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Cyber attack plan aims to protect State hospitals, energy networks and security systems

The new strategy sets out how to ensure the State’s infrastructure and computer networks are “resilient, safe and secure”.

Image: PA Archive/PA Images

A NEW PLAN to crackdown on cyber-crime, hacking and cyber-espionage has been published in a bid to protect the State. 

The new National Cyber Security Strategy sets out how to ensure the State’s infrastructure and computer networks are “resilient, safe and secure”. 

It contains proposals on how the Irish government can respond and manage cyber security incidents.

“We must ensure our critical national services – our hospitals, schools, enterprises, energy networks and security systems are protected from malicious online forces and are well placed to respond to threats,” said Communications Minister Richard Bruton. 

TheJournal.ie previously reported that there have been several cyber attacks on government departments over the years, some of which never made it to the headlines. 

Former Communications Minister Denis Naughten said the attacks occur quite frequently.

“There have been attacks in the past, they are quite frequent. Some of them hit the public airwaves, many more don’t. They come from various different sources across the globe and this is something we have to be continually vigilant on,” he said, speaking to this website in 2017 when he was still minister.

The most recent White Paper on defence published by the government also found that cyber threats were increasing.

The strategy published today also plans for how to manage any disruption to services as a result of such attacks, as well as developing the cyber-security sector here in Ireland. 

Deliberate actions by organised groups, including other countries, who seek to subvert or compromise systems of the State for a range of reasons is a real threat, according to the report.

These attacks could take the form of theft or destruction of data or money and the physical disruption or destruction of services or infrastructure, it states.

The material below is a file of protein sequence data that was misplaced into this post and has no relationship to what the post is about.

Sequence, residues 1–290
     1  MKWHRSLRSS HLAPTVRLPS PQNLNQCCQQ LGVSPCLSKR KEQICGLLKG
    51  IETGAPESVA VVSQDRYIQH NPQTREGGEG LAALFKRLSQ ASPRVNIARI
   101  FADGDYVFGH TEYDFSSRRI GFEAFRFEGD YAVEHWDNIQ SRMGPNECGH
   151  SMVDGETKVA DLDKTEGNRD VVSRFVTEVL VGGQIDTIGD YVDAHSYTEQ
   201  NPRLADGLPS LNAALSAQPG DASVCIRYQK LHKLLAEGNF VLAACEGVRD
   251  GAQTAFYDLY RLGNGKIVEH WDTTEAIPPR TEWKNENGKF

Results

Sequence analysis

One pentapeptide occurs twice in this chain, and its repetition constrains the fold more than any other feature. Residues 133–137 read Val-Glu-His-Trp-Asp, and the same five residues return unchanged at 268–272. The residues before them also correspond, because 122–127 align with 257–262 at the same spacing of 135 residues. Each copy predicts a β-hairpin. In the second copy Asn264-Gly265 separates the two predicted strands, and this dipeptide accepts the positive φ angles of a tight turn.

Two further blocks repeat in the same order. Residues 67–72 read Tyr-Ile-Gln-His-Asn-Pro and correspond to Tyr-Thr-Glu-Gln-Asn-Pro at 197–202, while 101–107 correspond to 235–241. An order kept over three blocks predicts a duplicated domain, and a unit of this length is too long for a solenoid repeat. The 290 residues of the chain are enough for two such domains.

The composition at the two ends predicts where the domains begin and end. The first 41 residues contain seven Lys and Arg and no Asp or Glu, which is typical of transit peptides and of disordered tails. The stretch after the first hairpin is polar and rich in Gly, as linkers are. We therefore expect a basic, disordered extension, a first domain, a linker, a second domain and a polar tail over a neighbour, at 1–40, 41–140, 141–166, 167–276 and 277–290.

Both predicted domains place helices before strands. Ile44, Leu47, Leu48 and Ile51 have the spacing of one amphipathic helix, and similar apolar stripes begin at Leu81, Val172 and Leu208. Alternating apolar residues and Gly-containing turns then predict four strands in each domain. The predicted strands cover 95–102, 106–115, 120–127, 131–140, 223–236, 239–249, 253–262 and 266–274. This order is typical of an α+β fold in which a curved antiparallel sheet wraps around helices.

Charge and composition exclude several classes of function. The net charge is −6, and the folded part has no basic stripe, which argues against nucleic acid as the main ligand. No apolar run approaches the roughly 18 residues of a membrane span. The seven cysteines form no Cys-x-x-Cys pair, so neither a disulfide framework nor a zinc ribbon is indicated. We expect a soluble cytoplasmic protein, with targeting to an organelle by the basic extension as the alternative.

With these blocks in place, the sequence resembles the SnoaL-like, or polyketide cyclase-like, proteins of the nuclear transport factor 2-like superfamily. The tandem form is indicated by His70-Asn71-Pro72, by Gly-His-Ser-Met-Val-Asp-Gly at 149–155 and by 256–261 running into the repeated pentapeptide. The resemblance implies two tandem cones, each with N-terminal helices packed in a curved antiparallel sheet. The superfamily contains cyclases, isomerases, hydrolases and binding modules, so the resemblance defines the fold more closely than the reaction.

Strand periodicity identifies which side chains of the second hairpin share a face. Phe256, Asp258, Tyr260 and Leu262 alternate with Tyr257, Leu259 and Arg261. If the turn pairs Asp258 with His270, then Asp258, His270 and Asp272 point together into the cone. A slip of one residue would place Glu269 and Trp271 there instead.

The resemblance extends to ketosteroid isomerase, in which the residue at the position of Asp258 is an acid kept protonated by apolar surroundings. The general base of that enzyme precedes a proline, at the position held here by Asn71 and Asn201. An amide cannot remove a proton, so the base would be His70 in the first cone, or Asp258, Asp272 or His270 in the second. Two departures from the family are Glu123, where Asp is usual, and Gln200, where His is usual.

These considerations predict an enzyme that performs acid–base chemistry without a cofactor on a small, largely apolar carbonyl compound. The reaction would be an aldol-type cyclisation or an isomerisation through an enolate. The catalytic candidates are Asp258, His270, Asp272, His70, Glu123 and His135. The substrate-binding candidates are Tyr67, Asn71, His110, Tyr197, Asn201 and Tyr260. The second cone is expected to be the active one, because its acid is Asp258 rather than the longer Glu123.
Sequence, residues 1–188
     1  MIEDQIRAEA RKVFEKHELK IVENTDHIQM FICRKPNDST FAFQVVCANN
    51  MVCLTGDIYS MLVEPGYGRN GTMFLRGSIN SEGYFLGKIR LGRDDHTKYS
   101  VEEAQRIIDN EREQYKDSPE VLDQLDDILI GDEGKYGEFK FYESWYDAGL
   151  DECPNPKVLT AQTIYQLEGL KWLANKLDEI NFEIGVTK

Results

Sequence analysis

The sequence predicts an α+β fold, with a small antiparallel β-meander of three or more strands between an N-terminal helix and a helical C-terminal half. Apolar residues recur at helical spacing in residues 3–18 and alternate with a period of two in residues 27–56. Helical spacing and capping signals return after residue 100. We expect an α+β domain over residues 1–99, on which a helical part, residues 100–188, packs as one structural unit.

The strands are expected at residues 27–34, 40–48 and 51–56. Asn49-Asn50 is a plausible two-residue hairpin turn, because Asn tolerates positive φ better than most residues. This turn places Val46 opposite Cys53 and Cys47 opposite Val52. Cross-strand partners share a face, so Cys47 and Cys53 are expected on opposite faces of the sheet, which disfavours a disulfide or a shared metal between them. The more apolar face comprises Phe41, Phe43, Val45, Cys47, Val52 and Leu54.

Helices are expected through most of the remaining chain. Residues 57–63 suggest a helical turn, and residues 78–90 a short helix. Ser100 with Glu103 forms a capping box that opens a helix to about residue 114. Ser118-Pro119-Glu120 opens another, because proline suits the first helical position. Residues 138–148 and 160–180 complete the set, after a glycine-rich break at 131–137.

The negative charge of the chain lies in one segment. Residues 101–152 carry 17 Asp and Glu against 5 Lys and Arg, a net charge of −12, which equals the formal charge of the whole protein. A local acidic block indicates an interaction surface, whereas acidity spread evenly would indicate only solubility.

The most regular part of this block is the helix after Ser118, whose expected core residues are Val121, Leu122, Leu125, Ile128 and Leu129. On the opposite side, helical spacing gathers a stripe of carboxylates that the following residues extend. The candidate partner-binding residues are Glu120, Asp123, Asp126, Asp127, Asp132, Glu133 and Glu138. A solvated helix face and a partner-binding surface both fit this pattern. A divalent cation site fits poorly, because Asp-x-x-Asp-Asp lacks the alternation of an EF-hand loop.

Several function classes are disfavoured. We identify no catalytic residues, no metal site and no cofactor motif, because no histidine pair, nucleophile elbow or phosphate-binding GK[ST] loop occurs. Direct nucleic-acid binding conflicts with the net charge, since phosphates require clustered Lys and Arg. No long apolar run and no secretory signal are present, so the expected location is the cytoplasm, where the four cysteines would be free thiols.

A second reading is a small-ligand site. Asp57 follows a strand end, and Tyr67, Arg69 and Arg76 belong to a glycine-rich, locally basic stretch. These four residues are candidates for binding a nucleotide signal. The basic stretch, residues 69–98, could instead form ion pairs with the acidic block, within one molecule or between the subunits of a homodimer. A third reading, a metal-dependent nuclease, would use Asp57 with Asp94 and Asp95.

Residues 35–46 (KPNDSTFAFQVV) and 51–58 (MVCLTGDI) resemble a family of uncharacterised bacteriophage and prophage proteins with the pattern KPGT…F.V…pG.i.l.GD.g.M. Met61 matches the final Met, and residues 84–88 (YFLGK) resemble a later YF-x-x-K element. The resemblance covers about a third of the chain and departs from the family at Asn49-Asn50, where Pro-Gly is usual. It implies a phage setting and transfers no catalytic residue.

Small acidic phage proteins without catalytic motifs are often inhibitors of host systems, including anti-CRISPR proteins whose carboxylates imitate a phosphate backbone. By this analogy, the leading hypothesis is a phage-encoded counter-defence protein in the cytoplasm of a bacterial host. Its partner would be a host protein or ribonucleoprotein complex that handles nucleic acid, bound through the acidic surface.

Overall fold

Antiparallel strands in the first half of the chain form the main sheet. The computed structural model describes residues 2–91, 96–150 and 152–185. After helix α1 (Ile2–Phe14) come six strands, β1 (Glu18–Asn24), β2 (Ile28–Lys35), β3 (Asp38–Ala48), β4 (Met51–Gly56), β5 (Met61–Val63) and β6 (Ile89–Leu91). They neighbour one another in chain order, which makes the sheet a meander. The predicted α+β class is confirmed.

One of the more challenging issues to emerge in recent years has been the active use and
refinement of hybrid threats, which the report states are the so-called “hack and leak” incidents. 

The most common of which is the use of cyber tools to steal information for subsequent use in disinformation campaigns.

“By their nature, these campaigns are designed to be difficult to detect, and because of their explicitly political goals, even more difficult for public authorities to counteract.
 
“As an open liberal democracy, Ireland is vulnerable to campaigns of this type in much the same way as other EU Member States,” states the plan. 

While dealing with national security issues, the plan also sets out how to educate citizens and businesses about how to protect themselves against cyber threats and fraud. 

Cyber crime incidents in Ireland are increasing with 61% of Irish organisations reporting to have suffered cyber crime such as fraud in the last two years with an estimated loss on average of €3.1 million. ​

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Bruton said that we live in an increasingly interconnected world, adding:

“Ireland has benefited hugely from the digital revolution but we need to make sure there are robust measures in place to protect our national infrastructure against the risks posed by new technology. Cyber-attacks, cybercrime and identity theft can wreak havoc in this connected world.”

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